Naturally, the consequences of such a spill, for which the industry is unprepared – witness Husky’s recent failure to recover any of its significant spill off NL – are unimaginable. They loom too large to justify the inadequate treatment of risk assessment in the Regional Impact Assessment, or its conclusion:
“Assigning risk was beyond the timing and resources of the Committee, but remains a fundamental requirement to guide future decision-making around the sustainable use of offshore resources.” (page 117)
Climate Change Considerations
The failure of the Committee to take its mandate seriously regarding both climate change impacts and cumulative effects could not be more clearly demonstrated than in the following statement:
“The Committee’s mandate to examine only exploration drilling then leaves the broader issue of GHG emissions, and associated climate change considerations from the overall oil and gas sector to other, more appropriate venues.” (page xi)
This reads like an abdication of the responsibility implicit in a Regional Impact Assessment, the responsibility to deal with those concerns that do not arise on a project-by-project basis, and the potential cumulative impact of not just exploratory drilling, per se, but the consequences of discoveries.
What’s more, the report quotes approvingly the Government of NL’s predictions for the growth of the oil industry in that province, which are based on the assumption of major growth in production. To do so, without attempting to assess the environmental and climatic consequences of such development, is irresponsible.
Once again, the lack of detailed discussion concerning the purpose of and essential criteria for successful marine set-asides for conservation and rebuilding of marine populations and protection of endangered species is a fundamental flaw in the report. To then make the excuse that no one provided evidence in support of excluding oil and gas activity from such areas (hardly credible), is worse than making no mention of special areas at all. It’s as if such arguments do not exist, which is patently false.
The Committee almost sounds sorry for itself in saying that it was
“faced with the dilemma of whether or not to recommend that certain areas within the Study Area should be closed to exploratory drilling, as was advocated by a number of participants.” (page 189)
One might ask, “What dilemma?” A dilemma involves a choice between two equally undesirable options. What is so undesirable about conservation?
But the report compounds its failure on special areas protection by then relying on industry EAs to arrive at the complacent conclusion that:
“the overall and defining features and characteristics of any special areas that overlap with or occur in the vicinity of a proposed drilling project will not be materially and adversely affected by such activities, as these activities are characterized by small footprints and are temporary in nature. In addition, the implementation of mitigation measures is intended to avoid or reduce any disturbances and resulting effects to overlapping or adjacent special areas.” (page 104)
The conclusion is without justification and misleading. The failure to do the work needed to designate key areas for exclusion from drilling is amongst the most serious drawbacks in the report. The responsibility of the Committee is punted elsewhere:
“it is recommended that the relevant authorities accelerate scientific review and analysis of these areas to determine if their various components and characteristics warrant additional protection, mitigation or follow-up measures for any future exploratory activity that may take place within them .” (page 187)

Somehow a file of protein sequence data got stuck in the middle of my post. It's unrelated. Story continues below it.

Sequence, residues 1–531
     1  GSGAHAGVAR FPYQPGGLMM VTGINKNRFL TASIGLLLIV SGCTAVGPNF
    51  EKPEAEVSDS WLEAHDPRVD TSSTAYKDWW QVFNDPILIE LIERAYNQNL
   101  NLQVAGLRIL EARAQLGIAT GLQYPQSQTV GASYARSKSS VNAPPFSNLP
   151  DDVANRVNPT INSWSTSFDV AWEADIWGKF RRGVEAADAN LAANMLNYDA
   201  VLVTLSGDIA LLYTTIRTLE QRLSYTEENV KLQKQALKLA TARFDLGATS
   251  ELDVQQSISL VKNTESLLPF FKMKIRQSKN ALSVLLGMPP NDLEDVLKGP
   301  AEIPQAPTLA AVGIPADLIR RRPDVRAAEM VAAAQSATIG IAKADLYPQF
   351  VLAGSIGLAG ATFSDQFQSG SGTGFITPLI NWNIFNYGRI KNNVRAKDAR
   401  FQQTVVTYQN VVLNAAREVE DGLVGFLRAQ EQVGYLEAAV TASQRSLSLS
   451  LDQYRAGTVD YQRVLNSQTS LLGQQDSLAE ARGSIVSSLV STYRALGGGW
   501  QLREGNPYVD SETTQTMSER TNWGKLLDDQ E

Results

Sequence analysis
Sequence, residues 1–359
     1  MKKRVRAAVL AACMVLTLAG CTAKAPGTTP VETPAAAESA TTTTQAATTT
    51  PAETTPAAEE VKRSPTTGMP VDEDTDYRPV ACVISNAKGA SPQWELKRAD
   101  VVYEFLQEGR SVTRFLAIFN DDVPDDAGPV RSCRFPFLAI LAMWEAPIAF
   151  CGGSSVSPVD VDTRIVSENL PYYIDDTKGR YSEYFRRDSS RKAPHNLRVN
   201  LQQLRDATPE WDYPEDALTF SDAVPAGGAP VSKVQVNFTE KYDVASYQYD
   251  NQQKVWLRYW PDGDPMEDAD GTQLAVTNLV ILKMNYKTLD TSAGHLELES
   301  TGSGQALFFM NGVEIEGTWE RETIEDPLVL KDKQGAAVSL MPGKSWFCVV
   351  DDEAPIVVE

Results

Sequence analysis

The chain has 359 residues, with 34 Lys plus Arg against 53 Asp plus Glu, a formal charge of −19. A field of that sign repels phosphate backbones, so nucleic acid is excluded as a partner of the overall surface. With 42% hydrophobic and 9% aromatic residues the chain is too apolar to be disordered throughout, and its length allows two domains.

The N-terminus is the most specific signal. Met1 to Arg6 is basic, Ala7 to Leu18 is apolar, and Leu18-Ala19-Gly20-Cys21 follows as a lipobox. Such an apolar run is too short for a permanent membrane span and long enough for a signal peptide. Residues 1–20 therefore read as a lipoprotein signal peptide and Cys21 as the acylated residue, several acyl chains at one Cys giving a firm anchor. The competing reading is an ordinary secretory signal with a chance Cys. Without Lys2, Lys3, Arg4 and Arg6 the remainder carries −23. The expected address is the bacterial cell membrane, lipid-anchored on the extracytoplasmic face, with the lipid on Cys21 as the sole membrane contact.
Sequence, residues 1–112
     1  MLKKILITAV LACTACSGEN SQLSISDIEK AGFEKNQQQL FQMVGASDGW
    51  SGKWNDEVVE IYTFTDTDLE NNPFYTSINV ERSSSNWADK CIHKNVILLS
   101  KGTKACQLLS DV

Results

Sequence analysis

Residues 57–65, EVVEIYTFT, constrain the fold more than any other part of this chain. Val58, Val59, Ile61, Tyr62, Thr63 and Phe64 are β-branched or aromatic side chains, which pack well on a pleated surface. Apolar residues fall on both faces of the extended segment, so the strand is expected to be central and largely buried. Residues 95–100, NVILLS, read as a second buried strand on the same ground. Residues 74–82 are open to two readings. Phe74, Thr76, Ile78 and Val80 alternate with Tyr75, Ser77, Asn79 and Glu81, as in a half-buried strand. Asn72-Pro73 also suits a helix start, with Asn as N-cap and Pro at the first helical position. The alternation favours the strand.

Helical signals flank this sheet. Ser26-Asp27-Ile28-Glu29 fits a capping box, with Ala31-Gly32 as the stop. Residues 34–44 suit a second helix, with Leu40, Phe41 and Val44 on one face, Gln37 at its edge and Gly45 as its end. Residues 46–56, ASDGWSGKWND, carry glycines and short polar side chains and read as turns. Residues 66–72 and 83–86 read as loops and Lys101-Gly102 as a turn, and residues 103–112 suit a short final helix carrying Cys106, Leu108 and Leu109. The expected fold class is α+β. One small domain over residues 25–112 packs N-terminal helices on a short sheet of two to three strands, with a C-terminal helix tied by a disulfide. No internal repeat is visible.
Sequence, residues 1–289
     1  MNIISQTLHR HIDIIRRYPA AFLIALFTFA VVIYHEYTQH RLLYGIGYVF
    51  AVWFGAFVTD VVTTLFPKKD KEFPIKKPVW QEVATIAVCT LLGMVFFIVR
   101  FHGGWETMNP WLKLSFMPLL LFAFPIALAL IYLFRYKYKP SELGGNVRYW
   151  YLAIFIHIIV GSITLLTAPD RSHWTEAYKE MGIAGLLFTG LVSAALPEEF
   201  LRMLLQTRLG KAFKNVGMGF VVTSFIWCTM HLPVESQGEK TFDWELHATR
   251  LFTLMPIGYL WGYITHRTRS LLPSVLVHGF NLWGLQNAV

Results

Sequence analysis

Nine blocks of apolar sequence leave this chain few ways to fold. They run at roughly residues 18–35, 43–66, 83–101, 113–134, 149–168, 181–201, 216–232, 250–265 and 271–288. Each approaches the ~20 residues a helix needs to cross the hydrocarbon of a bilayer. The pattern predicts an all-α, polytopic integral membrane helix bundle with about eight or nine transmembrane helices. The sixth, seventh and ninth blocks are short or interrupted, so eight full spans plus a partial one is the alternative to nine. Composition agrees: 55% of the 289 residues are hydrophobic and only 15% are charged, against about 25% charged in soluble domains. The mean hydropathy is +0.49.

Not good enough!
Effects of Seismic Surveys
Canada’s Statement of Canadian Practice regarding seismic surveys dates from 2004, ignoring 16 years of subsequent research findings. Those findings are available to the Committee, as are a number of home-grown experts on the subject.
One such expert is Dr. Lindy Weilgart of Dalhousie University. She describes seismic surveys as follows:
“the loudest human-produced noise right after nuclear and chemical explosions. Airguns are shot every 10 seconds around the clock for usually months at a time…..The noise travels through sometimes thousands of meters of ocean before penetrating into the sea floor. Further, the airgun shots are so intense, they can penetrate into the ocean bottom for over 100 kilometers. The entire marine ecosystem is degraded by this noise, which can form the loudest part of the background noise even 4,000 kilometers away. Airguns are so powerful they can take your arm off if fired close by. An airgun array can cover 26 square kilometers of sea surface at any one moment, which is about twice the size of the peninsula of Halifax.”
The failure of the regulatory boards to treat the impact of seismic surveys with the seriousness it deserves has been in part a result of the project-by-project approach to impact assessment of drilling activity. It should be an essential feature of a Regional Impact Assessment, but it is missing in this report.
As if we needed to provide the reasons for including this critical source of negative impact, Dr. Weilgart enlarges on the impact of seismic activities:
“Almost all marine animals are highly dependent on sound for all of their life functions like mating, feeding, orienting, communicating, and detecting predators, hazards, and overall, sensing their environment. They use their hearing like we use sight, so degrading their environment with noise is like blinding us with light.
With seismic noise, whales stop calling, which means they likely cannot find mates nor food anymore, cannot orient, or can’t stay in touch with their calves or group members. They try and avoid the seismic survey and as such, are chased out of important habitat or their migration is altered, putting them in harm’s way. Some become entrapped in ice and die. Seismic noise can produce signs of stress which interferes with reproduction and immunity. Sounds of importance to them are “masked” or obliterated. Models of seismic noise show that for the critically endangered right whales in particular, their calls are masked nearly entirely. Masking can also cause whales to blunder into fishing gear or in the paths of ships, killing them. These are the main contributors of right whale deaths. This is why, in 2016, 28 right whale experts declared that “The additional stress of widespread seismic airgun surveys may well represent a tipping point for the survival of this endangered whale, contributing significantly to a decline towards extinction.” Seismic noise has also been found to kill whales and dolphins outright, either by stranding or deaths at sea.